SSgt. Jimmie Doyle Repatriated Feature Image

SSgt. Jimmie Doyle Repatriated

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April 14, 2009
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SSgt. Jimmie Doyle was accounted for by the Defense POW/MIA Accounting Agency. Project Recover located his downed B-24 in January 2004 and is honored to play a vital role in his repatriation. 

Project Recover humbly acknowledges SSgt. Doyle’s service and sacrifice, as well as the enduring loss to his family. We are grateful and honored to play a vital role in bringing him home. The repatriation of SSgt. Doyle helps resolve generational grief and awaken us to gratitude, hope, love, and unity. This is the legacy of our MIAs and their final mission.

Keeping America’s Promise to bring our MIAs home is a mission for every American.

SSgt. Jimmie Doyle

SSgt. Jimmie Doyle, 25, was a nose gunner on a B-24 ‘453, piloted by 2nd Lt. Jack S. M. Arnett. The B-24 was shot down on September 1, 1944, on a bombing mission over Palau.  

SSgt. Jimmie Doyle was listed as a tail gunner on the mission. However, not long before the final mission, Jimmie had shot down an enemy aircraft and was asked to serve as the nose gunner for the crew. 

At the time of his final mission, SSgt. Jimmie Doyle was married to Myrle. They had a son, Tommy, who was almost two years old. Jimmie had hoped to go home on leave soon to see them.

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Project Recover located the aircraft on January 26, 2004, after a 10-year search. The Defense POW/MIA Accounting Agency (DPAA) repatriated eight MIAs in 2008. SSgt. Doyle was among them. The remains of SSgt. Doyle were escorted back to his hometown by his grandson,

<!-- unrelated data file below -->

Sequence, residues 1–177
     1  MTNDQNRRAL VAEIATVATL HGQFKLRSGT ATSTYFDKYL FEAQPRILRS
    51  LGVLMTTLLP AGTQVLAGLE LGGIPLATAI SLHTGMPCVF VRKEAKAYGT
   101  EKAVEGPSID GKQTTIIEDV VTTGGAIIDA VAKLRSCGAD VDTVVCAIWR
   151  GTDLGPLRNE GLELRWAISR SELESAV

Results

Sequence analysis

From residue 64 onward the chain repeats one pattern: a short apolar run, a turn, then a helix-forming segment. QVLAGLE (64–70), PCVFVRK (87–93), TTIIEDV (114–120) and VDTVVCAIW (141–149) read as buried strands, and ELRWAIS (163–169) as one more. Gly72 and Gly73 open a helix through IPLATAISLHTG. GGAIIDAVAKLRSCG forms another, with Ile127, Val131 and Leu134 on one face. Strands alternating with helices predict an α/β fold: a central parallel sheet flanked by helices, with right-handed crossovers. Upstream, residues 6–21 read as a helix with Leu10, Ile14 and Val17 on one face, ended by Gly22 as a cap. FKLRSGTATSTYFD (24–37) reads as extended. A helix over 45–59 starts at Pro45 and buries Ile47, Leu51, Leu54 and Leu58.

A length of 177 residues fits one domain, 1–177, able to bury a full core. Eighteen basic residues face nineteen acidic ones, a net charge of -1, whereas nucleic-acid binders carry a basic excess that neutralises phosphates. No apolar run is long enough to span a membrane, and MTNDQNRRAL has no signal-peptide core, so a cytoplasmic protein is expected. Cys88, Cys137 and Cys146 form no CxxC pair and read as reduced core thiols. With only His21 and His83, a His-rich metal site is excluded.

The eight repatriated crew members were buried together at Arlington National Cemetery. SSgt. Doyle is also buried beside his beloved wife, Myrle, in LaMesa, TX.  SSgt. Doyle’s grandson, Lt. Col. Casey Doyle, was invited to become a member of Project Recover in 2009 following the funeral.

SSgt. Jimmie Doyle’s son, Tommy Doyle, dove on his father’s crash site with Project Recover in 2005

Three crew members were not recovered from the B-24. They parachuted from the aircraft were then captured, and executed by enemy forces. They remain MIA

The plane is featured in a painting by Mark Pestana, entitled Mission: Palau. The story of the search and recovery was featured in the book, Vanished: The Sixty-Year Search for the Missing Men of World War II by Wil S. Hylton.

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